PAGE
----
Because of tidal locking, the Moon only presents one side to the Earth. However, the eccentricity of its orbit gives rise to the lunar libration of longitude. Because the Moon's rotation alternately leads and lags its orbital position, an observer on Earth can see an extra 6 degrees of longitude (approximately 200 km) along the lunar equator.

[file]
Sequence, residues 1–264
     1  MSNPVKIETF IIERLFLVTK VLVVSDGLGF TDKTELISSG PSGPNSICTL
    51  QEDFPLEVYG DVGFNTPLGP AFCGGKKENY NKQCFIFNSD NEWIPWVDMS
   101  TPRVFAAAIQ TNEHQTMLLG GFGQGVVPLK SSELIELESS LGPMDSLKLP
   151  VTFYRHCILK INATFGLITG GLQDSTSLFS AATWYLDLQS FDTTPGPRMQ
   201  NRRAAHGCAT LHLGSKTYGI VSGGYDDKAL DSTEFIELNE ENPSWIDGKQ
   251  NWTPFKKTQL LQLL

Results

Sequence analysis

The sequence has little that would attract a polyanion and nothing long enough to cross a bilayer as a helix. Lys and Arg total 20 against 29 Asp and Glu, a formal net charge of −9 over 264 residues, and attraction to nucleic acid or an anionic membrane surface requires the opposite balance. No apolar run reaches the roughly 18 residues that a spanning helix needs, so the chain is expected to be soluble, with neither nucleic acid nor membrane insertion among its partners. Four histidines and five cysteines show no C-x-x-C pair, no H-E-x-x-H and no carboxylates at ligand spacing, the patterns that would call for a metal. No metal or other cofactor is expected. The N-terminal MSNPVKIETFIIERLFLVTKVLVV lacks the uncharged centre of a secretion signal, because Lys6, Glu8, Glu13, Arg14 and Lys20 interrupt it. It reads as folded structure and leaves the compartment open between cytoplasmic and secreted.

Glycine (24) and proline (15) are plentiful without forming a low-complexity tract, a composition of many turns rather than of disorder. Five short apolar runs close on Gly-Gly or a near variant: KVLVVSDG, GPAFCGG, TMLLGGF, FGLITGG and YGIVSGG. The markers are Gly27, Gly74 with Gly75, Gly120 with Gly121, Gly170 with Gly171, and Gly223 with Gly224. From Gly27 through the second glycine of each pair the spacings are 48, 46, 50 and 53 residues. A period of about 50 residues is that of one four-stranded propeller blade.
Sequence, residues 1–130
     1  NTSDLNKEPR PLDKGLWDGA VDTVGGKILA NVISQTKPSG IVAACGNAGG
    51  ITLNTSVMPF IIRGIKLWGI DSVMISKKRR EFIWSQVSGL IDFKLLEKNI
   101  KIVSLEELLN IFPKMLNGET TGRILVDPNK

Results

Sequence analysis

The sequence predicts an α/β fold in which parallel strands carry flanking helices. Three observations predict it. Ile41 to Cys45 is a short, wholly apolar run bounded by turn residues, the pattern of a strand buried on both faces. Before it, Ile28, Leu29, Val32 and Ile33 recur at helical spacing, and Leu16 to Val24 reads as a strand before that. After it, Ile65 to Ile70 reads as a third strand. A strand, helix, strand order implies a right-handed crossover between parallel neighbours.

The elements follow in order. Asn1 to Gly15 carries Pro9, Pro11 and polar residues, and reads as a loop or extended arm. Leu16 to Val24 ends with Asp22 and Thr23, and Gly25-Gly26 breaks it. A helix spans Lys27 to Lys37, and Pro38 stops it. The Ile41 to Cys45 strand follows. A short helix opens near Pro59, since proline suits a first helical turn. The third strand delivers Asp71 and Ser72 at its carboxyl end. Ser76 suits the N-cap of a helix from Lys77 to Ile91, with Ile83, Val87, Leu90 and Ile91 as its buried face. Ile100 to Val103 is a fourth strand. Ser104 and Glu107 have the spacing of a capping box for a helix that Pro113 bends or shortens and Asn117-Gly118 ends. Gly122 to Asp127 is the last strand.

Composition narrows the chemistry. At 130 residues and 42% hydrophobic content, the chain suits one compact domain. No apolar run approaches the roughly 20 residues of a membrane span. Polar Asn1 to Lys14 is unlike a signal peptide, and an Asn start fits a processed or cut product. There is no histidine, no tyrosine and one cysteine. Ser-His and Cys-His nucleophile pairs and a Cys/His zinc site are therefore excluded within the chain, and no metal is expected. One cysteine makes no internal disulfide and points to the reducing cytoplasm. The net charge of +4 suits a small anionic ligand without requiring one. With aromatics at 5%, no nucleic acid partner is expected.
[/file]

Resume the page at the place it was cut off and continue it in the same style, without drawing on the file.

The Earth locator (at a focus of the ellipse) controls the eccentricity of the orbit. The Moon's black and white disk shows the libration of longitude.